Tinderbox Forum

Tinderbox v9.2.0 Help in PDF form - and a future challenge

If you would like to have a access to Tinderbox’s app Help files linearised into a PDF, then you can get one for v9.2.0 here.

How is this done? The HTML files used in Tinderbox’s app Help are generated from a Tinderbox. A while back, I designed an alternative export template for the document that exports all the (relevant) TBX notes as a singled, CSS-styled, HTML page. After a quick command line tweak to make Tinderbox links point within the page rather than to separate documents, I then use wkhtmltopdf to make the PDF.

This is probably one of the last times I can used this method as wkhtmltopdf is effectively moribund. It relies on re-using other code libraries that are now either themselves dead or no longer free to re-use. As it is wkhtmltopdf appears to not work on Apple Silicon—I used an old Intel Mac running macOS 10.14 to make the above.

Besides the PDF, a benefit of wkhtmltopdf is (was!) its ability to make a Table of Contents that linked to the relative headings. This does require a carefully structured HTML page—that took some extra work on the original TBX structure. It’s an interesting technique, but doesn’t suit more hypertextual work. aTbRef is a case in point: it is supposed to be explored via links and not read top to bottom.

pandoc is an interesting but very complicated tool. I think it may be able to bridge the HTML to PDF gap although I think it uses LaTeX (which might throw up a fresh crop of problem edge case issues). Even so, I don’t think it will auto-generate a ToC. One workaround might be to make a ToC within the Help that isn’t used for in-app use but is included in the single page export. The latter includes any CSS but not images which are stored separate from, but this, the HTML page.

So is there a simple way to take a css-styled HTML page, with a well-structured DOM (i.e. properly nested headings) and in-page links, and output that as a PDF with links works, headings PDF-bookmarked and a Table of Contents added?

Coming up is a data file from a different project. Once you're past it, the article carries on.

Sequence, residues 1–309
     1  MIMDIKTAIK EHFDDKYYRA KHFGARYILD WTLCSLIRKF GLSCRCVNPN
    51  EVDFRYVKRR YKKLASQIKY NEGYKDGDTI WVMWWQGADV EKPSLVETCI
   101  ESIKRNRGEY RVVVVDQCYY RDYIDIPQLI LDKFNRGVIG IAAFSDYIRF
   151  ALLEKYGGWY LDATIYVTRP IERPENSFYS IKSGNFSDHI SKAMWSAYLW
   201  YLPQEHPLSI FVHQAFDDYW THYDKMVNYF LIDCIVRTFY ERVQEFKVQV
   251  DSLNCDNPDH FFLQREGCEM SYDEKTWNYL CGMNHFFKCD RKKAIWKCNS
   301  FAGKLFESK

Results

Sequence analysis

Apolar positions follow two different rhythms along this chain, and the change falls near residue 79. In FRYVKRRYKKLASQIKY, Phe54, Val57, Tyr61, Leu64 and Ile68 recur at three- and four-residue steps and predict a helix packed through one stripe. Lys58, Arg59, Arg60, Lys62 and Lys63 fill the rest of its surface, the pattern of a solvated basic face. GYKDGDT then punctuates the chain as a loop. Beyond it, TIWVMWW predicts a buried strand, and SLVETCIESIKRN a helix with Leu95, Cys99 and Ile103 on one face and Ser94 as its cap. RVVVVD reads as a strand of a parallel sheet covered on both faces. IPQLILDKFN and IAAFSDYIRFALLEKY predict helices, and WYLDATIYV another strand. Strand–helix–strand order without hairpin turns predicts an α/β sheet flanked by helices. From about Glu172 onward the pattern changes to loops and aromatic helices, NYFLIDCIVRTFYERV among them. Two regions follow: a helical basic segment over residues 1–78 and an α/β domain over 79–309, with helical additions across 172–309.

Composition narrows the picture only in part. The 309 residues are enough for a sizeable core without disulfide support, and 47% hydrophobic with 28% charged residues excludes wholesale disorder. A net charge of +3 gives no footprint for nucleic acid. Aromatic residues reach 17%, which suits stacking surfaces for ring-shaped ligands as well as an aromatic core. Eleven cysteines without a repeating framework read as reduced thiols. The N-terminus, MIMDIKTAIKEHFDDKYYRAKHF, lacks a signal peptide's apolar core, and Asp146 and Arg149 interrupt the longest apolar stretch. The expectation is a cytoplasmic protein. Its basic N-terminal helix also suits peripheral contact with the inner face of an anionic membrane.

[Edit] For clarity, here use of Markdown is an unhelpful diversion. Markdown is an affordance to help people indicate HTML styling intent in plain text but without using HTML inline tags. But, please note our start point is a clean HTML doc so after the part of the process where Markdown might be used. So, Markdown won’t help as we’d have to go re-write the whole source TBX to use Markdown. Given we’re ‘just’ trying to make a PDF of the Help doc that’s a lot of extra free labour needed. Of course if someone will commit to maintaining a Markdown port of the Tinderbox Help TBX (not a small or one-off task) then that does open another possible avenue.

Any suggestions?

†. Dang, I tried pandoc on the HTML used to make the PDF above it does break, due to use of LaTeX by pandoc. See:

dear Mark,
I’ve an (untested) idea: Sphinx, the Python doc. generator now has a very good Markdown extension: myST and can either produce PDF docs thru LaTeX or responsive HTML docs.
hope this helps,

Many thanks! However, I’m not sure I follow how mmad would help. The source here is a styled (inline CSS data) HTML5 document so there is no Markdown involved. Any solution must start with a styled HTML doc (why) and output a PDF. The ToC is desired but perhaps beyond the capability of other HTML-to-PDF tools at this point. I’ve a drive full expensive PDF tools (though I don’t want adobe s/w on my system) and all are remarkably poor as it’s clear they have very narrow design intent.